Chondracanthus chamissoi has commonly been commercialized as a raw product for the extraction of carrageenan (Hoffmann & Santelices, 1997). There is, however, growing interest in the Asian market for acquisition of this product for direct human consumption. Although attractive prices are offered for this alga in world markets, quality standards for the product are strict, with requirements for a clean product, free from epiphytes and impurities, devoid of cystocarps and with specific color and texture. However, C. chamissoi may have a broad morphological diversity (Acleto, 1986), various degrees of epiphytism (Vásquez & Vega, 2001) and the typical seasonality of abundance for algae beds in northern Chile (González et al., 1997; Vásquez & Vega, 2001; Macchiavello et al., 2003). This makes difficult to the deliver sufficient amounts of quality product on a reliable production schedule.


The objective of the present study is to evaluate a culture technique for the vegetative propagation C. chamissoi that would result it a high quality product on a more predictable schedule.


The experiments were carried out between July and October 2003 at two locations in northern Chile: Calderilla bay (27º04’S) and La Herradura bay (29°58’S) (Fig. 1). Fronds of C. chamissoi were collected at La Herradura bay at depths of 4 to 6 m, and were transported fresh to the marine botany laboratory of the Universidad Católica del Norte near the sampling site. The plants were sorted into cystocarpic, tetrasporic, and vegetative specimens (putatively infertile female and male gametophytic and tetrasporophytic fronds, and reproductive male which do not present visible structures).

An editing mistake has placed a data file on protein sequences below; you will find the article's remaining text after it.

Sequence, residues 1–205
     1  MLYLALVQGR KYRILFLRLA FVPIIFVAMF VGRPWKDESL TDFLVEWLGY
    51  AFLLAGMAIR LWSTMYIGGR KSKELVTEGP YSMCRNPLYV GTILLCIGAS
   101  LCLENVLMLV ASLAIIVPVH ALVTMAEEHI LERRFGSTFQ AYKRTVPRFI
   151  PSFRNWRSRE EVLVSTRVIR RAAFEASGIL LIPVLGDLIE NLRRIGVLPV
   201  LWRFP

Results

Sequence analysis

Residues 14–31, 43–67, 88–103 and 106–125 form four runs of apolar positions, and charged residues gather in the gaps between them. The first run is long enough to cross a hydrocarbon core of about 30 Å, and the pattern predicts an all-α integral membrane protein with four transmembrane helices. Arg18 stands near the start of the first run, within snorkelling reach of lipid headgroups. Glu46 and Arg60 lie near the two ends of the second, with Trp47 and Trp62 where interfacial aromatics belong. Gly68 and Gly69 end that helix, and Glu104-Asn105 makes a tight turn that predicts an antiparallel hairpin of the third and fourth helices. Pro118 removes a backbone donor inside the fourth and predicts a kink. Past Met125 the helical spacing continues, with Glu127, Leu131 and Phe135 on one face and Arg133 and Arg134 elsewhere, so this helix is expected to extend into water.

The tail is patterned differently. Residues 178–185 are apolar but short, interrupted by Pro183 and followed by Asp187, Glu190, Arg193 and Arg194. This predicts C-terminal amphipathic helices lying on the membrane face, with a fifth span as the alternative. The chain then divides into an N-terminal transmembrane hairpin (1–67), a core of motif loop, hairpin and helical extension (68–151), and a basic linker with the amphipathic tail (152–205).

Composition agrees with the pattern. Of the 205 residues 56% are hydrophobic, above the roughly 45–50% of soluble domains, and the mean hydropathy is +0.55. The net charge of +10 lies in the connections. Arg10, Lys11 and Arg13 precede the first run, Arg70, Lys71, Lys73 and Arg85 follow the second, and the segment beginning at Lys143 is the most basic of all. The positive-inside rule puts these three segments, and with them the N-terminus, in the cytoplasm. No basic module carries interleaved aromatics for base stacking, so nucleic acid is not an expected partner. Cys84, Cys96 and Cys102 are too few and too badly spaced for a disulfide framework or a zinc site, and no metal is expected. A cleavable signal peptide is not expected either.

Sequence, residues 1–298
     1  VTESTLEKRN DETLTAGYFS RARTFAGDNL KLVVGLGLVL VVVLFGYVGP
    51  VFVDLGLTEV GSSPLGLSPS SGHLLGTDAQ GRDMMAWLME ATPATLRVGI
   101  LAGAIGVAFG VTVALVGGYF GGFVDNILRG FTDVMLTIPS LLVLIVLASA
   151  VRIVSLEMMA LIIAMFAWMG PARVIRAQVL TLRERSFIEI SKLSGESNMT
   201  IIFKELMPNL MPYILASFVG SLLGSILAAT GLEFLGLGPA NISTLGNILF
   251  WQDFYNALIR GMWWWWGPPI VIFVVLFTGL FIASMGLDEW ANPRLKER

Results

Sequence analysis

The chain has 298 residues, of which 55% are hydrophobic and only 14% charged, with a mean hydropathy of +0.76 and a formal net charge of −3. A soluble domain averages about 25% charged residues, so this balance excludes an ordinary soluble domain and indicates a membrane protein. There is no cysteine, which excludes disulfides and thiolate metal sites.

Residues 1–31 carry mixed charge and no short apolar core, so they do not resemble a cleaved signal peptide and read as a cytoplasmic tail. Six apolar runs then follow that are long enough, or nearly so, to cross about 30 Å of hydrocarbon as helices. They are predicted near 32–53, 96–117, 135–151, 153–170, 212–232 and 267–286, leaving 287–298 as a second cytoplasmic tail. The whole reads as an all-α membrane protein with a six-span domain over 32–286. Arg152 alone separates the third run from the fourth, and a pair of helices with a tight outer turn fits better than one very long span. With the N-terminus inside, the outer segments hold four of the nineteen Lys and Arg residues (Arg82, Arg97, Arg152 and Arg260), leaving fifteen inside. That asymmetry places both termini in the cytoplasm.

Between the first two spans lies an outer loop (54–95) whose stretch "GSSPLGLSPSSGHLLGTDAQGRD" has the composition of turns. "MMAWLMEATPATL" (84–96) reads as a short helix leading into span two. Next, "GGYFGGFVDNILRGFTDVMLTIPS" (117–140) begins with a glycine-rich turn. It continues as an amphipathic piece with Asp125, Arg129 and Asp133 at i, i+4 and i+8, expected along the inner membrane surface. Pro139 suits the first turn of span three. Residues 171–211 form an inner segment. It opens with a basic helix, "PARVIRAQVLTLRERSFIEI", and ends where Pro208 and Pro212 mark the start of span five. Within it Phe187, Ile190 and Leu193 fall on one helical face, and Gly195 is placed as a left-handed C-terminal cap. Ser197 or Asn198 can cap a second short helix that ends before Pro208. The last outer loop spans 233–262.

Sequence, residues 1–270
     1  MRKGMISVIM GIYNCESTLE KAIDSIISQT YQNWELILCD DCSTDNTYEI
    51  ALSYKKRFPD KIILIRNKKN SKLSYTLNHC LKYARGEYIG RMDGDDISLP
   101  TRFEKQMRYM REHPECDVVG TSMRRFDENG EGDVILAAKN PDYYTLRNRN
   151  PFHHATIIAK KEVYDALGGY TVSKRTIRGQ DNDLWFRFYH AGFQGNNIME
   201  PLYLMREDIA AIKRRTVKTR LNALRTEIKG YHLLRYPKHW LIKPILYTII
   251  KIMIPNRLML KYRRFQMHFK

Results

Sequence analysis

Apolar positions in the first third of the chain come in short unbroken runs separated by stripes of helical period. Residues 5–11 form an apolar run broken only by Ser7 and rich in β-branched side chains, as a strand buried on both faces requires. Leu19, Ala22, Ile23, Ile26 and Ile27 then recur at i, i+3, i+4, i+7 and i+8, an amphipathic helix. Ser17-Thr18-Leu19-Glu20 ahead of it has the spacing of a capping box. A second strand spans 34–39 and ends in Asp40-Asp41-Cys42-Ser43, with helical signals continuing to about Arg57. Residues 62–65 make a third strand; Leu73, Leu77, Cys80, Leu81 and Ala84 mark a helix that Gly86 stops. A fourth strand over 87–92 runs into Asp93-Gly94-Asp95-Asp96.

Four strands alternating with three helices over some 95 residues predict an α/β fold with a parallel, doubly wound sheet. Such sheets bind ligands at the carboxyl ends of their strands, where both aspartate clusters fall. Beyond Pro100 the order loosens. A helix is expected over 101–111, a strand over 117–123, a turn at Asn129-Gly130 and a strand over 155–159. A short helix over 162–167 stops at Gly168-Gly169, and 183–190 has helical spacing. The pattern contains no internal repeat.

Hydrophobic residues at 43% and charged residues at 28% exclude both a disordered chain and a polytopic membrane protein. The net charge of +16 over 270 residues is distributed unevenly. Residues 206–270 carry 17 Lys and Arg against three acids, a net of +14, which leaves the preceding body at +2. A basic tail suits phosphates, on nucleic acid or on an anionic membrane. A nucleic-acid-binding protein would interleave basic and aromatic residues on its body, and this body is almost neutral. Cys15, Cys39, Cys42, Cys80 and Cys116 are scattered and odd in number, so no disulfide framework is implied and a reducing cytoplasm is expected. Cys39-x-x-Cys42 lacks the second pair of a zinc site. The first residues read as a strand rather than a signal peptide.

Figure 1. Geographic location of the study area.
Figura 1. Localización geográfica de las áreas de estudio.


Fronds of C. chamissoi 5-10 cm in length were closely inserted among braids of 7 mm diameter polypropylene rope (2 m in length). The main axis of each frond was inserted in the rope, leaving the lateral branches free to grow.
Steel stakes were driven into the bottom and the ropes were strung between them, at about one meter above the bottom and at 3 m depth. Five replicates of each reproductive stage were made at each location. Each rope was recovered at monthly intervals, drained, weighed and then returned to the sea. The amount of algal biomass was calculated as average wet weight (g) per linear meter of rope.


A two-way analysis of variance (ANOVA) was used to evaluate the differences in biomass among the different reproductive stages and between the two locations studied. Homogeneity of the variances and normality were reviewed for all results. A Tukey test was used when the treatments demonstrated significant differences (Sokal & Rohlf, 1981).